There is an immense wealth of information at this museum, notwithstanding its currently limited scope. It merits repeated visits, even if only to have some time to digest the magnitude immigration plays in shaping modern France. The glimpse into the life of immigrants may be constrained, but it makes a good starting point of discussion of many profound immigration issues that are currently dealt with (often) unfairly and negatively, on how we could act to include many and integrate people of different cultures.

Museum of Immigration History

Museum of Immigration History

Museum of Immigration History

Museum of Immigration History

Museum of Immigration History

Museum of Immigration History

Museum of Immigration History

I moved abroad half my life ago and I do not intend to move back to my birth country. Educated, adaptable, integrated, I build my life around me the best that I can, even if that means going on annual pilgrimage, at times Kafkaesque, to see the people who would decide if I am worthy to continue to stay put where I am. Each approval is a victory in its own right. Even then, I recognise that I am in a privileged position, for my (mis)adventures have often been mild compared to many others. I am not escaping extreme poverty, civil war, prosecution and tyranny. I get to choose where I go based on multiple positive options and for that, I am profoundly thankful.

Musée de l’histoire de l’immigration
293 Avenue Daumesnil, 75012 Paris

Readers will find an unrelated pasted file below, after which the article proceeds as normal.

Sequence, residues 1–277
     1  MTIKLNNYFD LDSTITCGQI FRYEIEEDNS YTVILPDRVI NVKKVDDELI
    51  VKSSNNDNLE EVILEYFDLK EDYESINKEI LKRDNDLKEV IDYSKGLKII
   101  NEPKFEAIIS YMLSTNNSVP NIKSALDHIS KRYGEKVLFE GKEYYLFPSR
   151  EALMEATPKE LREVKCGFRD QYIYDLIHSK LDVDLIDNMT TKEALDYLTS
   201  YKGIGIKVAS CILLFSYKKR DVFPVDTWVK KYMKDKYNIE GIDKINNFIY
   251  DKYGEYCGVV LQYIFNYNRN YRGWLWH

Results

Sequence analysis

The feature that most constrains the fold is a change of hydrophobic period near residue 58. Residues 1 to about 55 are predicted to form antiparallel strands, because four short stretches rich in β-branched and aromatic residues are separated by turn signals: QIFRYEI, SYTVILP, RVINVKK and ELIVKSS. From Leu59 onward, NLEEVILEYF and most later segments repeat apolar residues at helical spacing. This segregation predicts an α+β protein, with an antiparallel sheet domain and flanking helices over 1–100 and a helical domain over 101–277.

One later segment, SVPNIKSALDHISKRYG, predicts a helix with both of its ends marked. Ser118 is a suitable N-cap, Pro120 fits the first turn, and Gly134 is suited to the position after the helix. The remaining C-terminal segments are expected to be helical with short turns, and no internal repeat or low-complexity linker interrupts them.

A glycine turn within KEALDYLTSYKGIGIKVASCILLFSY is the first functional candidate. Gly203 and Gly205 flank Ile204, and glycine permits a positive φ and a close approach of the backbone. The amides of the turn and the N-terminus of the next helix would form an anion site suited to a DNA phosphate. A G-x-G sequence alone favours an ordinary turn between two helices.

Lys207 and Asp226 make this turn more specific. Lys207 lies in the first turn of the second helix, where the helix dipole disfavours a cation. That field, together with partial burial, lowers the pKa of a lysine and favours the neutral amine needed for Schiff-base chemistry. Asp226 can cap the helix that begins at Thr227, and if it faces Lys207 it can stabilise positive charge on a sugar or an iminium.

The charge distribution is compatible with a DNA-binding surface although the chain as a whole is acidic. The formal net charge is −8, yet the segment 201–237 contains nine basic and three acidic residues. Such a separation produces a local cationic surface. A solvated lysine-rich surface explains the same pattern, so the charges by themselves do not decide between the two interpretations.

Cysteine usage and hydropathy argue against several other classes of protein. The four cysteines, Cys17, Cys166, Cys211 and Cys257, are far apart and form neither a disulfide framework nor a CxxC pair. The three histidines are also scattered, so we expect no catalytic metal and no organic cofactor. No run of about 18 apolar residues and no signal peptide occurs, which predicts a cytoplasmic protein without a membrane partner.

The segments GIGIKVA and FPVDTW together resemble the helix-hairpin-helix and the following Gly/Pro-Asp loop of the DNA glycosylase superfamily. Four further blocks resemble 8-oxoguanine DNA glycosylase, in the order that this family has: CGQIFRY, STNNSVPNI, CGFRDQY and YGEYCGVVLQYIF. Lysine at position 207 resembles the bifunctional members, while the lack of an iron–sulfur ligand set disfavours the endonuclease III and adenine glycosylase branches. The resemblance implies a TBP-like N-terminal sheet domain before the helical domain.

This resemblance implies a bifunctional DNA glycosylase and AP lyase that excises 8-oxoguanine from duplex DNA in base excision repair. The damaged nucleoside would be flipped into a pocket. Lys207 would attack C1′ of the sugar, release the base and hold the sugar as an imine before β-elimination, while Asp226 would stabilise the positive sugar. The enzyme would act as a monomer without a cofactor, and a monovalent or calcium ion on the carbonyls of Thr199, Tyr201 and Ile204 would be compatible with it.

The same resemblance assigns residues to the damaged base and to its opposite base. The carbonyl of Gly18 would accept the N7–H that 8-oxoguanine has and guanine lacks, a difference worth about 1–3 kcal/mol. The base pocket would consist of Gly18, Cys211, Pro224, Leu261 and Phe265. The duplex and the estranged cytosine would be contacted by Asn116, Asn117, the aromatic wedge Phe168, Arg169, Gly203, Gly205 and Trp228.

Daily except Monday, 10.00am – 5.30pm (7.00pm on Saturday/Sunday)
Entry fee charged; free on first Sunday of the month
Tips: ask for an audioguide in English to help navigating through French-only exhibits



Category: Culture, France, Museum, Paris, People

Tagged: , , , , , , ,

6 scribbles & notes

  1. med says:

    good coverage lil and indeed you have been ‘away’ for a long time ;)
    there is an immigration museum in melb CBD too…looks much smaller though from the ourside…never been inside yet

    • Lil says:

      And it’ll get longer and longer. If you ever check the Melb immigration museum out, let me know how that is.

  2. Hi, your post is really great!
    But, just one thing, there never been a human zoo at the Palais, it was only a museum for arts and goods from the colonies. The human zoo was at the “jardin d’acclimatation”.
    Have a nice day!

    • Lil says:

      Thanks Marie – I must have misunderstood something I read along the way – for the clarification. It is much appreciated!

  3. helene says:

    Intéressant tout ça! Il faudra que j’aille y faire un tour…

Scribble a note to helene × Cancel reply